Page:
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North Coast Current

News online for Encinitas, Calif.

North Coast Current

News online for Encinitas, Calif.

North Coast Current


Historically Speaking: Truckee and Des Moines, the history behind the names

Donner Peak in Truckee. (Photo by Jeff Hopper via Unsplash)

There’s a good deal of obscure city names scattered across America that are derived from either native inhabitants or from early 17th and 18th century French explorers and trappers. Here are two more examples: Truckee and Des Moines.

Truckee is a Northern California town of 16,000 situated in the high Sierra Nevada mountains that has been in our weather news these past few weeks. Truckee was named after a Paiute chief whose name was Tru-ki-zo. He was the father of Paiute Chief Winnemucca, who also has a city (in Nevada) named in his honor.

The first European outsiders who crossed the Sierra Nevada mountains reportedly were met by the friendly Chief Trukizo, who rode toward them yelling, “Tro-kay!” In the Paiute language, that word means “Everything is all right.” The newcomers thought the Paiute chief was yelling his own name. Chief Trukizo later served as a guide for Col. John C. Frémont, who is credited with militarily securing the territory of California for the U.S. during the Mexican-American War of 1846-48.

Historically Speaking by Tom MorrowThe tragedy of the ill-fated Donner Party is the city of Truckee’s most infamous historical event. In 1846, a group of 81 settlers from Illinois, originally known as the Donner-Reed Party, became snowbound in early fall as a result of several trail mishaps, poor decision-making, and an early onset of winter. Choosing multiple times to take shortcuts to save distance compared to the traditional Oregon Trail, coupled with infighting, a disastrous crossing of the Utah salt flats, and the attempt to use the pass near the Truckee River, now known as the Donner Pass, all caused delays in their journey.

A massive, early blizzard (not unlike that of our recent weeks) brought the remaining settlers to a halt at the edge of what is now Donner Lake. The story of the party’s tragic ordeal, which ended in some of the survivors resorting to cannibalism, has been told many times in articles, books, and on film.

Des Moines, pronounced “Dee-Mo-in” (as in coin) is the capital and most populous city of Iowa. It was incorporated on Sept. 22, 1851, as “Fort Des Moines,” which in 1851, was shortened to “Des Moines.” It is located on, and named after, the Des Moines River, which likely was adapted from the early French name “Rivière des Moines,” meaning “River of the Monks.”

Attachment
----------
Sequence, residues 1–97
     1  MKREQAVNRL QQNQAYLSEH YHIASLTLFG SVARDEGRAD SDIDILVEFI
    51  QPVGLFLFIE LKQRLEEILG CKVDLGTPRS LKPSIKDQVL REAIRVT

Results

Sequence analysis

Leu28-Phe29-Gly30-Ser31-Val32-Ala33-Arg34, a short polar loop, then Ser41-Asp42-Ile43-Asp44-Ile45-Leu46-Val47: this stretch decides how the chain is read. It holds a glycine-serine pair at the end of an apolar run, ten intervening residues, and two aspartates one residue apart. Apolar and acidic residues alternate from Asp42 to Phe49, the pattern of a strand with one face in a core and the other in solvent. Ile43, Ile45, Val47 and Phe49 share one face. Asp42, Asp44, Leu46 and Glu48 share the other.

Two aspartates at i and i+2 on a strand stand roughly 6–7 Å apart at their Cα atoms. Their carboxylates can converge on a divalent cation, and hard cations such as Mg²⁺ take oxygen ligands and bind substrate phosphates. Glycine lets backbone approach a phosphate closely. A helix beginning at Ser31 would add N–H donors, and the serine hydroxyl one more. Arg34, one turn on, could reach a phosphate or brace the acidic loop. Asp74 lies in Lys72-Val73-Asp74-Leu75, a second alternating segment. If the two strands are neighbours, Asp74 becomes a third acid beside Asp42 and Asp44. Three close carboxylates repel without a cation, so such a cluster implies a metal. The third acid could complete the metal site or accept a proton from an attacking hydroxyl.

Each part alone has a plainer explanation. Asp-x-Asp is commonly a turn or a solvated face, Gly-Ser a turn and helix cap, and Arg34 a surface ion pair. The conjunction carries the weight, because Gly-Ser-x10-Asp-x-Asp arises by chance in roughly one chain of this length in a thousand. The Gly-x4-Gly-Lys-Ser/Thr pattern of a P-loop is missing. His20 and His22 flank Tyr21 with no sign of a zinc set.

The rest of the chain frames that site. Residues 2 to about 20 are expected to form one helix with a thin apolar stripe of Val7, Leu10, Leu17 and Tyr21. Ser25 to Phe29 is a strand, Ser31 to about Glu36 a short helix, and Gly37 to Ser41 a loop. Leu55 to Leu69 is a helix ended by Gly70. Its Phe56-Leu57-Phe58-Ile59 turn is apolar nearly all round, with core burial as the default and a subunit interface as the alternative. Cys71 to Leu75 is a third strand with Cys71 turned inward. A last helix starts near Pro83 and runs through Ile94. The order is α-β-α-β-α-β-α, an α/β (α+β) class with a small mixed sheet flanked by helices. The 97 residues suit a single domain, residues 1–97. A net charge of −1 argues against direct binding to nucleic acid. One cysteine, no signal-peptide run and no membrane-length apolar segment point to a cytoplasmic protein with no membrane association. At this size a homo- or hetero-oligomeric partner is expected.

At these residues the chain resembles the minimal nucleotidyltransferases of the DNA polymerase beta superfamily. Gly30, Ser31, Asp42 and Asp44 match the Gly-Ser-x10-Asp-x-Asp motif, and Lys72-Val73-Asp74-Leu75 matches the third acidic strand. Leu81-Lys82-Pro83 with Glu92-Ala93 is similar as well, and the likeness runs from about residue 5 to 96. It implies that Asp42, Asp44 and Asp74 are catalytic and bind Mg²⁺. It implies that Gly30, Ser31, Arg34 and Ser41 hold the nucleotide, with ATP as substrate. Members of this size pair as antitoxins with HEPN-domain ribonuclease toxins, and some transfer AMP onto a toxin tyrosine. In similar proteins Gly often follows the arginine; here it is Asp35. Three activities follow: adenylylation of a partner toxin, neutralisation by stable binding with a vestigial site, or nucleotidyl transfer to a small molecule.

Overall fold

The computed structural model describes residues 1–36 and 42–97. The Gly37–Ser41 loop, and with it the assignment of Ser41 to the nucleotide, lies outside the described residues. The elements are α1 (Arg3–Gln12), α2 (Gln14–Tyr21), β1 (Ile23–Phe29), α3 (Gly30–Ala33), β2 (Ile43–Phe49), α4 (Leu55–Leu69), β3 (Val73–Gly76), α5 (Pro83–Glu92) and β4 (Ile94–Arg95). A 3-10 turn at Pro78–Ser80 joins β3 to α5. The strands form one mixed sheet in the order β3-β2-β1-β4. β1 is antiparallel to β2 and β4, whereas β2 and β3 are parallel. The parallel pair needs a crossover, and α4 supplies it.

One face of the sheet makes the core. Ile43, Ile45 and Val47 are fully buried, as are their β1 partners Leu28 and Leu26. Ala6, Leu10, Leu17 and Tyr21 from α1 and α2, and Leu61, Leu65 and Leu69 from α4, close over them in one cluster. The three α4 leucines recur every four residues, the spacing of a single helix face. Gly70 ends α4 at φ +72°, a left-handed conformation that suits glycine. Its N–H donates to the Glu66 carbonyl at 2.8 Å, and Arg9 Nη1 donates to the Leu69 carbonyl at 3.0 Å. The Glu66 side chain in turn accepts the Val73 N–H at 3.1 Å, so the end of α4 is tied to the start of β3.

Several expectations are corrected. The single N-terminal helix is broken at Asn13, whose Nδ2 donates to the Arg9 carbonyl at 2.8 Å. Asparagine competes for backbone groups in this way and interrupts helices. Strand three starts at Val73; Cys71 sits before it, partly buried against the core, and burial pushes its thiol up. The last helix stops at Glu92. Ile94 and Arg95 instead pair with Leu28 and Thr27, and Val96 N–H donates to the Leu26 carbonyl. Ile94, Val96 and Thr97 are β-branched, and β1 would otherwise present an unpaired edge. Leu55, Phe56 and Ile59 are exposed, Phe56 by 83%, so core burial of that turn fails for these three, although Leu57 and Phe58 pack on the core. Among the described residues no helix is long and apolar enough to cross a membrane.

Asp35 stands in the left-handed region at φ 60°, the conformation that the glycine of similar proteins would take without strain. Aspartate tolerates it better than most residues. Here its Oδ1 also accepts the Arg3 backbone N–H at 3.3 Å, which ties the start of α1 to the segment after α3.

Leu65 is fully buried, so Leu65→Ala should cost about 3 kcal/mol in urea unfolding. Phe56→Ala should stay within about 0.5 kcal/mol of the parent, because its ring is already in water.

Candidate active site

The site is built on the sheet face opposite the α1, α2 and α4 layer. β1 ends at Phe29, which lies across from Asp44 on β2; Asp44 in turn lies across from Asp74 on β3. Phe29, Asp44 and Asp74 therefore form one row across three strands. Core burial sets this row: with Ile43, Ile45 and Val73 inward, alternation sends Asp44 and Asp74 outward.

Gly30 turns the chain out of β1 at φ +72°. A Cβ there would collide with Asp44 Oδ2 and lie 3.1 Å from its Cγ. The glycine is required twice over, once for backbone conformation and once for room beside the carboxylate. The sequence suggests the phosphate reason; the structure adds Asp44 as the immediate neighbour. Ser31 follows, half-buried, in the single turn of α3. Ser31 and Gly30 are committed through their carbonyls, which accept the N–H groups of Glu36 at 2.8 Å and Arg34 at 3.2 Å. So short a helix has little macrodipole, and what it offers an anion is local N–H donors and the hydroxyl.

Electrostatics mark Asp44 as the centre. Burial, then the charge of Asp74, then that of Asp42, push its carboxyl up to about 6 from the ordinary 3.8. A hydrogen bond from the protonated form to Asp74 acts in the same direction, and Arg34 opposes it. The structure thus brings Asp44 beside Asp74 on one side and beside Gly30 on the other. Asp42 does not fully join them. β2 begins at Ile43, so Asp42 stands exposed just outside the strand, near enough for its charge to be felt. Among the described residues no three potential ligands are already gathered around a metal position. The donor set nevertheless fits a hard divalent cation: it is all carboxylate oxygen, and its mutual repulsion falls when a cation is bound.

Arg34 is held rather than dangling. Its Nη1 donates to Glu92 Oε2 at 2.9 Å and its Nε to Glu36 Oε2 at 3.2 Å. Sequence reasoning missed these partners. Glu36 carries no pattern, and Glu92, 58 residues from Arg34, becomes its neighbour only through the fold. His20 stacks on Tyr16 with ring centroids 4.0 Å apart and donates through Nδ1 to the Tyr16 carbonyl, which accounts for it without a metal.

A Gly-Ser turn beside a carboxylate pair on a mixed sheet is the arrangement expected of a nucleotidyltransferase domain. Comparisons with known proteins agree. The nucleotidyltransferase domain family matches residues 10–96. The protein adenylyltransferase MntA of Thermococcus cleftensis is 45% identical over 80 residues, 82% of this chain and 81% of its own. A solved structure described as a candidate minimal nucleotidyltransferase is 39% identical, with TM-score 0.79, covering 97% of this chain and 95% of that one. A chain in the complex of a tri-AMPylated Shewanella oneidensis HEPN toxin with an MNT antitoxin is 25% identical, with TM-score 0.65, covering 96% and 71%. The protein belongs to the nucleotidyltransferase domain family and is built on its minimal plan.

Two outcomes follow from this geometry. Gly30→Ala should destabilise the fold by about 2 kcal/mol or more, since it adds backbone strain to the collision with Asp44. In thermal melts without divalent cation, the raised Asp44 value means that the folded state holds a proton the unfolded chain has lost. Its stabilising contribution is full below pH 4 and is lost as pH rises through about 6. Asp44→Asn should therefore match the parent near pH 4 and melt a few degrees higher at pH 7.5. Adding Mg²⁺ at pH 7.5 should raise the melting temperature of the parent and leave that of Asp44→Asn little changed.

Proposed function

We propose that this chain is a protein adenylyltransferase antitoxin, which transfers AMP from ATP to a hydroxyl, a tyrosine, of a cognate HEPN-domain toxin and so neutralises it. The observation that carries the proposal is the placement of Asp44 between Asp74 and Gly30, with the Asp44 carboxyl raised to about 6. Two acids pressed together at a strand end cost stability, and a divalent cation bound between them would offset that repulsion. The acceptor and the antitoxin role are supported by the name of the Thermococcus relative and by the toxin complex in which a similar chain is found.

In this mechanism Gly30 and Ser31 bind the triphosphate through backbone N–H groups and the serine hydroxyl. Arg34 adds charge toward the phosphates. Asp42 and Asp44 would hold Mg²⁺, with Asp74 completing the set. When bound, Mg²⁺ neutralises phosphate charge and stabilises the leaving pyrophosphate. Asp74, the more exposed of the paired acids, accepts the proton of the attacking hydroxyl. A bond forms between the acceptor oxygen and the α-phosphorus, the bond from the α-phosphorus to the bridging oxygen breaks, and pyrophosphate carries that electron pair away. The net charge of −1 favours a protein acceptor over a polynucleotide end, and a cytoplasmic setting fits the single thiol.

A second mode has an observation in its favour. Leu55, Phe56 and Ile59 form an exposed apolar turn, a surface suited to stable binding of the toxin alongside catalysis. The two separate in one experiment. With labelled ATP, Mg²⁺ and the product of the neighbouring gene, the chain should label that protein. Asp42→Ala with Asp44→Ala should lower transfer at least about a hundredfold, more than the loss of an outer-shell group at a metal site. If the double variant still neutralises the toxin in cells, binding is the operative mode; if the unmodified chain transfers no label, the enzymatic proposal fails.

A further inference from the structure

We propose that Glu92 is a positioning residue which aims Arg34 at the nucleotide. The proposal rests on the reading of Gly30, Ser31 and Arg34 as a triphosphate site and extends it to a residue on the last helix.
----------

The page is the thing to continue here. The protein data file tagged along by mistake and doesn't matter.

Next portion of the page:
One popular interpretation of Des Moines concludes that it refers to a group of French Trappist monks, who in the 17th century lived in huts built on top of what is now known as the ancient Monks Mound at Cahokia, the major pre-historic center of culture along the Mississippi River. Based on archaeological evidence, the junction of the Des Moines and Raccoon rivers has attracted humans for at least 7,000 years.

At least three late prehistoric villages, dating from about AD 1300 to 1700, stood in or near what has developed as downtown Des Moines. In addition, 15 to 18 prehistoric Native American mounds were observed in this area by early settlers. All have been destroyed during the development of the city.

In May 1843, U.S. Army Capt. James Allen supervised the construction of a fort on the site where the Des Moines and Raccoon rivers merge. Allen wanted to use the name “Fort Raccoon.” However, the War Department preferred Fort Des Moines. The fort was built to control the Sauk and Meskwaki tribes, whom the U.S. government had moved to the area from their traditional lands in eastern Iowa. The fort was abandoned in 1846 after the Sauk and Meskwaki tribes were again moved to the Indian (Oklahoma) Territory.

Settlers soon occupied the abandoned fort and nearby areas. On Sept. 22, 1851, Des Moines was incorporated as a city. The charter was approved by voters on Oct. 18 of that year. In 1857, the name “Fort Des Moines” was shortened to “Des Moines,” and it was designated as the second state capital. The previous capital was Iowa City. Growth was slow during the Civil War period, but the city exploded in size and importance after a railroad link was completed in 1866.

Early in the 20th century, a new Army facility was established as the Fort Des Moines Provisional Army Officer Training School, which became a military base and training facility. It was established near the original fort. In 1901, the base trained African-American officers for the U.S. Army during World War I and was where women first began training for Army service in 1942 as part of the Women’s Army Corps (WACs) during World War II. In 1974, surviving older portions of the base were declared a National Historic Landmark in recognition of its vast history.

The growth of Des Moines’ outlying suburbs has continued, and the overall metropolitan-area population presently is more than 700,000. Today, Des Moines is a major center of the insurance industry and has a sizable financial-services and publishing business base.

Tom Morrow is a longtime Oceanside-based journalist and author.

Columns represent the views of the individual writer and do not necessarily reflect those of the North Coast Current’s ownership or management.